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From early recorded times mosquitoes have been numerous and unpleasantly obvious in Alameda County. From March to October, successive flights of mosquitoes from the bay marshes to the hills pestered the inhabitants of the county. This condition was not restricted to Alameda County, but was part of a general condition experienced by the people of the entire area bordering the San Francisco, San Pablo, and Suisun Bays.

There were a number of early attempts at organized mosquito control in California. In 1904, mosquito control was funded by the San Rafael Improvement Club for the North Bay marshes and the Burlingame Improvement Club for San Mateo County marshes. In 1910, W.B. Herms and Harold F. Gray organized anti-malaria campaigns which started in Oroville and Bakersfield. Finally, in 1915, the Mosquito Abatement District act was passed by the legislature and the bill was signed by the governor. This bill authorized the formation of mosquito control districts.

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In January of 1926, the campaign to form a mosquito abatement district in Alameda County was launched in response to an article written by Professor W.B. Herms entitled “What Should Be Done in Alameda County Towards Promoting Mosquito Abatement?” Numerous failed attempts were made over the next few years to secure the number of signatures needed to petition the Board of Supervisors. In late 1928 and early 1929, resolutions of endorsement for the formation of the District were passed by the city councils of Berkeley, San Leandro, Hayward, Oakland, Alameda, Piedmont, and Emeryville. By January 28, 1930, more than 32,000 signatures had been collected, nearly three times the minimum legally required number. On March 11, the Board of Supervisors passed the ordinance organizing the District and the certificate of incorporation was filed with the Secretary of the State of California on March 14, 1930.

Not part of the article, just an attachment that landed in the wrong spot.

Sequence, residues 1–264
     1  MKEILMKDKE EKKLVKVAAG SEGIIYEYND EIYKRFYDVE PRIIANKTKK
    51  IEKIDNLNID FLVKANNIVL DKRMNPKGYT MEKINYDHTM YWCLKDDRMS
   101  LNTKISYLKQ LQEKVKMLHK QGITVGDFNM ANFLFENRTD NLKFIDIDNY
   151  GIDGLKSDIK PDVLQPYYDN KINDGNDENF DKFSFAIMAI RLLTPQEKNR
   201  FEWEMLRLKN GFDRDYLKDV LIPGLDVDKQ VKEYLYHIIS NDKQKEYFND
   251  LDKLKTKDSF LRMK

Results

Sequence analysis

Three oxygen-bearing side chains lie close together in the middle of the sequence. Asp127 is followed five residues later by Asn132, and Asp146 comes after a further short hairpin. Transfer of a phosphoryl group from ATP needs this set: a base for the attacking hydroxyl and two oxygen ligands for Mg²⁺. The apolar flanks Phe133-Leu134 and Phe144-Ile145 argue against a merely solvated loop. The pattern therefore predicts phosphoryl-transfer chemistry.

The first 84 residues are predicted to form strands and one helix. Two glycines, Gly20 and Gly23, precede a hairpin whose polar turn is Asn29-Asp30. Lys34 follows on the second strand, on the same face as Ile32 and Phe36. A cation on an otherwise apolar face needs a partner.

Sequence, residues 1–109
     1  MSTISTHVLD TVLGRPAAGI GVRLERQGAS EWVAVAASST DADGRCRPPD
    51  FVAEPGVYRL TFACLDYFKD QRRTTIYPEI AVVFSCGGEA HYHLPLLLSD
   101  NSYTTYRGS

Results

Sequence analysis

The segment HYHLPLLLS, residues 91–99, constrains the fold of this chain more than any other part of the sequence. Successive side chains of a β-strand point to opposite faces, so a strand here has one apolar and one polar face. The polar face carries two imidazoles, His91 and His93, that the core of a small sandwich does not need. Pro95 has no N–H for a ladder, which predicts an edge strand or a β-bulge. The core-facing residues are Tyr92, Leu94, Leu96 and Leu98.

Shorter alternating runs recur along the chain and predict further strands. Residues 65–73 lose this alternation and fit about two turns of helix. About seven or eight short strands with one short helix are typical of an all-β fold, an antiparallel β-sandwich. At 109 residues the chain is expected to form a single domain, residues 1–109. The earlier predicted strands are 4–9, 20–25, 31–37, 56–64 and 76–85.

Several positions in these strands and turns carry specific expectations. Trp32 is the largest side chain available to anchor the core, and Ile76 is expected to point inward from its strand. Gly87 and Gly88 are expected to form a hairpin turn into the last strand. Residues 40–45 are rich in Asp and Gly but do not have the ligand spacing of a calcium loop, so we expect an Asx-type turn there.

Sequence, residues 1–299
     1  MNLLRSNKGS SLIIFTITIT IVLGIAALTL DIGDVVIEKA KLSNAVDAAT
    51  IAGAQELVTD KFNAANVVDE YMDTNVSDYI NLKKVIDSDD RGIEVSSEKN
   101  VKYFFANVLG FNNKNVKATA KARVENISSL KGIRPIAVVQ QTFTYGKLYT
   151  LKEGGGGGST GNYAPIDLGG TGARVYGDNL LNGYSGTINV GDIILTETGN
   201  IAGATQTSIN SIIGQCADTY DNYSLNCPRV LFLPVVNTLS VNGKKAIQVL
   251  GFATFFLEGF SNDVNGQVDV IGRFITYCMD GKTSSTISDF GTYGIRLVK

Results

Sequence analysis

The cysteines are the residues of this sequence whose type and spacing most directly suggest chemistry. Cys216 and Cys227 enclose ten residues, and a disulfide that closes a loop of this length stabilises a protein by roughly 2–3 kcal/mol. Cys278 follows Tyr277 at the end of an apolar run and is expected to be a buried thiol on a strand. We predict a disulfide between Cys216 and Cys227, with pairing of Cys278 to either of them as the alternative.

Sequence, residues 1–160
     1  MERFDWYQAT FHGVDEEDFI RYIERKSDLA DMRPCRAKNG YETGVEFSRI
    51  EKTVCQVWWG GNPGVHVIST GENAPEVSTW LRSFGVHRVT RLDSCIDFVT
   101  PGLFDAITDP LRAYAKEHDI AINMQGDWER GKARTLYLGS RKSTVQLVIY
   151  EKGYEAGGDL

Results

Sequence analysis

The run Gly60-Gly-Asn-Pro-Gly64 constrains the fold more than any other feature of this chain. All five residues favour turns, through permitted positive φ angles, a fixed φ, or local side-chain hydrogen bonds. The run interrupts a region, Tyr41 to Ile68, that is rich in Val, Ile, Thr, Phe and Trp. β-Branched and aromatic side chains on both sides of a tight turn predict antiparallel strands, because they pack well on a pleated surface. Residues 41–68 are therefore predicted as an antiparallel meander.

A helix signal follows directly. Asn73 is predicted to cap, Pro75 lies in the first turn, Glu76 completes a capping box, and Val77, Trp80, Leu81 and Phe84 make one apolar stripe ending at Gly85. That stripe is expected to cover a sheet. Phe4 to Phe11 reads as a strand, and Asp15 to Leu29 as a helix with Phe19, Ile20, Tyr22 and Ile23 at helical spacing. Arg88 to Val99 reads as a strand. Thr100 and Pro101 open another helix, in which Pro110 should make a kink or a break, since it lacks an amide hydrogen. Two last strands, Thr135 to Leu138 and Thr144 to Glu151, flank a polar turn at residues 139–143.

Early work undertaken by the District focused on ditching in the marshes to promote drainage of salt marsh mosquito breeding sources. As the tremendous hordes of salt marsh mosquitoes were reduced to the point of occasional annoyance, citizens began to take note of the fresh water mosquitoes around their homes and gardens, and demand relief from those mosquitoes as well. The expansion of work necessitated more personnel and more equipment. Therefore, in the late 1930’s and early 1940’s, the District constructed operational depots in Decoto, Hayward, and Oakland. The District operated out of multiple satellite depots until completion of the current Hayward office in 1984.